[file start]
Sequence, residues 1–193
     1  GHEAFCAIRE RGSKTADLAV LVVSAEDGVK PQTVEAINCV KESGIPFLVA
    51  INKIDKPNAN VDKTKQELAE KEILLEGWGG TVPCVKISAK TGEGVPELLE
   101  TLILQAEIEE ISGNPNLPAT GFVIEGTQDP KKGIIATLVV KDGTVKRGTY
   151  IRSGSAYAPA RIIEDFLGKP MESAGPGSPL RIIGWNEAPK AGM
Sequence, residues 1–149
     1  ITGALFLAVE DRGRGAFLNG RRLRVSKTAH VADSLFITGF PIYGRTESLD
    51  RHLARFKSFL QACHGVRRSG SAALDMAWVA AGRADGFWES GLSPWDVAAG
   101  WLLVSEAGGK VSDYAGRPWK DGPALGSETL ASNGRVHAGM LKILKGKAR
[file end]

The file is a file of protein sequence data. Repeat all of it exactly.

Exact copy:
Sequence, residues 1–193
     1  GHEAFCAIRE RGSKTADLAV LVVSAEDGVK PQTVEAINCV KESGIPFLVA
    51  INKIDKPNAN VDKTKQELAE KEILLEGWGG TVPCVKISAK TGEGVPELLE
   101  TLILQAEIEE ISGNPNLPAT GFVIEGTQDP KKGIIATLVV KDGTVKRGTY
   151  IRSGSAYAPA RIIEDFLGKP MESAGPGSPL RIIGWNEAPK AGM
Sequence, residues 1–149
     1  ITGALFLAVE DRGRGAFLNG RRLRVSKTAH VADSLFITGF PIYGRTESLD
    51  RHLARFKSFL QACHGVRRSG SAALDMAWVA AGRADGFWES GLSPWDVAAG
   101  WLLVSEAGGK VSDYAGRPWK DGPALGSETL ASNGRVHAGM LKILKGKAR